PBN 2023 Business Women Awards
PROFESSIONAL SERVICES INDUSTRY LEADER: Judith Chace | Mott & Chace Sotheby’s International Realty co-owner and broker
A LOT OF PEOPLE think real estate is just about selling houses, according to Judith Chace, broker and co-owner of Mott & Chace Sotheby’s International Realty. But she said it’s more about building personal relationships, and then the sales will follow.
Chace has been in real estate since 1989, first with Lila Delman Real Estate Inc., then with Residential Properties Ltd. She started Charlestown-based Mott & Chace with Ray Mott 10 years ago.
“At some point I knew I wanted to have my own company,” she said. “I had sacrificed a lot for my career, and I thought the time was right.”
When the real estate agency started, there were just two other agents and the first company meeting was held in Chace’s car. Now, Mott & Chace has 140 agents in seven offices.
The connection with Sotheby’s, the famous British auction house, gives Mott & Chace name recognition and additional marketing clout. It also allows the agency to assist clients who want to buy almost anywhere in the world.
“Judy is one of the most entrepreneurial people I have ever met,” said Mary Leahey, head of business development for Mott & Chace. “She had a vision for what she wanted to accomplish with this company, and she’s worked tirelessly to achieve that. She felt there was a need for another voice in the luxury market in Rhode Island, and she wanted to be that voice.”
Mott & Chace specializes in “the luxury experience” in locations such as Newport, Westerly, Little Compton, Jamestown, Barrington, Narragansett and more. Chace was born in Providence, grew up in East Providence and can trace her ancestry all the way back to Roger Williams.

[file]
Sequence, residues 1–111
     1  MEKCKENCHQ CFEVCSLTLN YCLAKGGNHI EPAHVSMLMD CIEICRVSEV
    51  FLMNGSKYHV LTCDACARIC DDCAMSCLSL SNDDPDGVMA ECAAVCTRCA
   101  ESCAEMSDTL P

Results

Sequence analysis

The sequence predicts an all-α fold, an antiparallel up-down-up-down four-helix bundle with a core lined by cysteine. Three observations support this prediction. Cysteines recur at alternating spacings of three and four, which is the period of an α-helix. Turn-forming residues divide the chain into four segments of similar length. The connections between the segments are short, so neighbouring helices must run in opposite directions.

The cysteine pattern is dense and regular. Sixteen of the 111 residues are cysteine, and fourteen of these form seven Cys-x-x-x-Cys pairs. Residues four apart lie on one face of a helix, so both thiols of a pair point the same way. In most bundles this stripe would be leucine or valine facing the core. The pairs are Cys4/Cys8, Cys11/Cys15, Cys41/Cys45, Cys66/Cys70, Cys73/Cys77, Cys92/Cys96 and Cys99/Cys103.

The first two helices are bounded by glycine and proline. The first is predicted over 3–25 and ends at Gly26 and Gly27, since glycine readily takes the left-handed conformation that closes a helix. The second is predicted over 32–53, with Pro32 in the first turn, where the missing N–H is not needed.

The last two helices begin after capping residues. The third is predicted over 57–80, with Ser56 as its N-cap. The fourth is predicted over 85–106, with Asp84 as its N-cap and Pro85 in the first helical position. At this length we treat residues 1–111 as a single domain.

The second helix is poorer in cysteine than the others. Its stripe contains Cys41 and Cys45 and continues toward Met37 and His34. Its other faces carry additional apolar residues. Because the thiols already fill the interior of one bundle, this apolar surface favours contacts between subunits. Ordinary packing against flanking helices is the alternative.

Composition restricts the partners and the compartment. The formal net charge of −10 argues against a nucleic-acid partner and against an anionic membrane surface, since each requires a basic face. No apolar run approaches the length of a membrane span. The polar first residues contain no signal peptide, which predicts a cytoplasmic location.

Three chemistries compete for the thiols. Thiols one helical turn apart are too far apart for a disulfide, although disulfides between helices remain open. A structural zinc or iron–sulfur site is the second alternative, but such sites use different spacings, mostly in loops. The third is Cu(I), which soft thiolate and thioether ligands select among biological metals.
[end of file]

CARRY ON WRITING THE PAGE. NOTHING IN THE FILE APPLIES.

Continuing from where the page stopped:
“I’m very bullish on Rhode Island,” Chace said. “The state is becoming more and more popular, more of a destination people want to come to.”
She said the financial climate, such as mortgage rates, impacts all real estate, but luxury housing is a “micro-market” with its own particular issues. These are often second homes, or even third, and they might be discretionary purchases rather than necessities.
One issue Rhode Island faces is a lack of housing inventory – there are just not that many homes available. “If you build it, they will come,” Chace said. “But there’s a housing shortage in Rhode Island at all price levels.”
Climate change has become an increasing issue for companies such as Mott & Chace that sell a lot of coastal property. “We’re certainly more sensitive to that now. Superstorm Sandy really opened a lot of eyes,” Chace said.
COVID-19 was an unusual and unexpected experience for the agency, Chace said. When the pandemic first hit, Mott & Chace held a Zoom call with its employees to try and figure out the path forward.
It turned out that homes in Rhode Island became extremely desirable to affluent urbanites looking to get out of big cities. Mott & Chace-marketed houses were being snapped up almost as soon as they went on sale.
“A global pandemic became a reason for people to discover Rhode Island,” Chace said.
Chace said that over the past decade, she has backed off from selling houses herself and spends more time as a mentor. “Sometimes I’m the ‘deal doctor,’ but it’s mostly about supporting the 140 agents in the company … I feel very close to my agents,” she said.
Leahey said Mott & Chace has taken great care to create a collaborative culture at the agency, which includes both agents and staff, and Chace herself is accessible to everyone in the agency.
Mott & Chace has also been a philanthropic force in the community, supporting organizations such as Crossroads Rhode Island, the Rhode Island Hospital Foundation and others.
Chace is known for her abiding interest in animals. The agency is among the top sponsors of the Potter League for Animals, and Chace is founder of The Whinny Fund, an equestrian rescue organization.
“I’ve loved animals all my life,” she said.
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